Heart patient Susan Goodreds says the signs of her condition were relatively subtle at first.
"I would just feel a fist-sized tightness in the middle of my chest, but it wasn't painful," she says in an interview with ABC News medical correspondent John McKenzie for "World News."
Still, her symptoms prompted her to consult with her physician. What doctors told her was that her heart was fine.
But when she insisted on a heart scan, doctors discovered that two of her coronary arteries were 95 percent blocked with plaque.
Goodreds' story is all too common.
Because women often have symptoms of heart disease different from those of men, they're often misdiagnosed.
However, that could change. New guidelines, released Monday by the American Heart Association, underscore the importance of preventing and treating heart disease in women.
The guidelines, published in the current issue of the journal Circulation, use information from the most recent scientific studies to highlight what works -- and what doesn't -- when it comes to protecting women from heart attacks and stroke.
The numbers are chilling.
In the United States, 42.1 million -- or just more than one-third of all women -- have heart disease.
Heart disease is also the largest single cause of death among women, accounting for nearly 40 percent of all female deaths.
All told, this means that about one out of every three women in this country will die of a heart attack or stroke -- more deaths than from all cancers combined.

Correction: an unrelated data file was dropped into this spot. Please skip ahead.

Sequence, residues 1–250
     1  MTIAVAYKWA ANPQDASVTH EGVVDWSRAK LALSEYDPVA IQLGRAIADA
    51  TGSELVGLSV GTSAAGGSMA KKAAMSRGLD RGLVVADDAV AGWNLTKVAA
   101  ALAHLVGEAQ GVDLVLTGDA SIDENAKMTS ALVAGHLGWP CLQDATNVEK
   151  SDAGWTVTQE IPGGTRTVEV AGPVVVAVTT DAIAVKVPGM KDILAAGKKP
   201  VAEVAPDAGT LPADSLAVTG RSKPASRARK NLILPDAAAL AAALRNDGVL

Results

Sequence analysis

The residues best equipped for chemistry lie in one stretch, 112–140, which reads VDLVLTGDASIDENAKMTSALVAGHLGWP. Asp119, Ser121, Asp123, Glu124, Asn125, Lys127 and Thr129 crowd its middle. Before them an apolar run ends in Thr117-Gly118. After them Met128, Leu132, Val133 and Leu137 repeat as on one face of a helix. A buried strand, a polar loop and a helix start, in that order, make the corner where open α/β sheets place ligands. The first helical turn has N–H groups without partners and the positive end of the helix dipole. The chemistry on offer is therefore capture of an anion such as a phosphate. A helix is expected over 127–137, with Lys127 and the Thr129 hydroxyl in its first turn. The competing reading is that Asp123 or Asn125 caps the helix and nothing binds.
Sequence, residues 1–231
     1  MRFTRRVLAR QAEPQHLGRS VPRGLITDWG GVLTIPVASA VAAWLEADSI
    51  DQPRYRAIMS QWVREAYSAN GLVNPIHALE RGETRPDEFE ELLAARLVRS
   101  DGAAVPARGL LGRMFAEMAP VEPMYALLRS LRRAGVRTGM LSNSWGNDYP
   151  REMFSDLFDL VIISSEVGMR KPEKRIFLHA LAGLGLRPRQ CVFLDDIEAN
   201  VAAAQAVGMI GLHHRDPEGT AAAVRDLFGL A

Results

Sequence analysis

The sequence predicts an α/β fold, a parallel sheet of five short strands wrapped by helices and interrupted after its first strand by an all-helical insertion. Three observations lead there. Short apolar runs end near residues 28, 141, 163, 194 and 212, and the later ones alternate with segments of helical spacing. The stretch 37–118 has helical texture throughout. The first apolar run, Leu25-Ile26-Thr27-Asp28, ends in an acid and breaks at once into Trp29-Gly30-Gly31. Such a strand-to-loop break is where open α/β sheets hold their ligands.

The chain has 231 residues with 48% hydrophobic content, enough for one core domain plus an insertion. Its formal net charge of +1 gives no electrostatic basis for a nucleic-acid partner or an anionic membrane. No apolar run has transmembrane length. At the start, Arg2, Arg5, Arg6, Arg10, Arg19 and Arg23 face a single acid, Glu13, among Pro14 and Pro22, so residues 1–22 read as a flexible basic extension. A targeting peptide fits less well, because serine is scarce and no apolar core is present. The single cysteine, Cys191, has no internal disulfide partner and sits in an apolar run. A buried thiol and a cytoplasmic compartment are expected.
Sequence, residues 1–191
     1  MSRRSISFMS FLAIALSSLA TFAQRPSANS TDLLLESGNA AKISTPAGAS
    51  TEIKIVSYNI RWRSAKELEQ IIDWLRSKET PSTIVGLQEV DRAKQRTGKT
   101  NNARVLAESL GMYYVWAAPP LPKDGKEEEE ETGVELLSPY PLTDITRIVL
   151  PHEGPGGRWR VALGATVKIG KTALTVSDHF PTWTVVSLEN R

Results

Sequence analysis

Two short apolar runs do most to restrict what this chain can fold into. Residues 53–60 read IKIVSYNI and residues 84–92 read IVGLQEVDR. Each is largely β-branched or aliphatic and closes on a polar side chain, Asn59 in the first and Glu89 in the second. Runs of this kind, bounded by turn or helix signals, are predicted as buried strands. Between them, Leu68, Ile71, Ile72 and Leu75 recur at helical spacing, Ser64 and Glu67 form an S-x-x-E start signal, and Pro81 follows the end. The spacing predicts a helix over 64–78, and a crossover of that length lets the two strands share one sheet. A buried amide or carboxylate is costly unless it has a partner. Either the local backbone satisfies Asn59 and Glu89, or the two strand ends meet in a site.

"All women are at risk for heart disease and stroke, and we don't want women to wait until they have a risk factor or they have the disease before they begin to take action," New York Presbyterian Hospital's Dr. Lori Mosca tells McKenzie. Mosca is the chair of the expert panel that issued the new guidelines.
Mosca says in a statement that researchers have developed more definitive clinical trials since the last set of guidelines was developed.
Among other recommendations, the researchers say virtually all women are at risk of heart disease, and doctors should more strongly consider prescribing a daily aspirin for their female patients.
Additional prescription of aspirin isn't the only way that women can be protected from heart disease, according to the guidelines. Women should also try the following:
Reduce saturated fat from meat, cheese and butter. The new advice states that these food sources should only account for 7 percent of total calories a day.
Don't rely on supplements. Vitamin pills don't prevent heart disease, nor does folic acid, the new guidelines say.
Hormone replacement therapy and selective estrogen receptor modulators, such as the osteoporosis drug raloxifene, are not recommended to prevent heart disease in women.
Engage in more physical activity. The guidelines suggest at least 30 minutes a day of brisk walking. If a woman is overweight, the new guidelines say 60 to 90 minutes a day is needed.
For a comprehensive listing of Medicine on the Cutting Edge reports with John McKenzie, click here.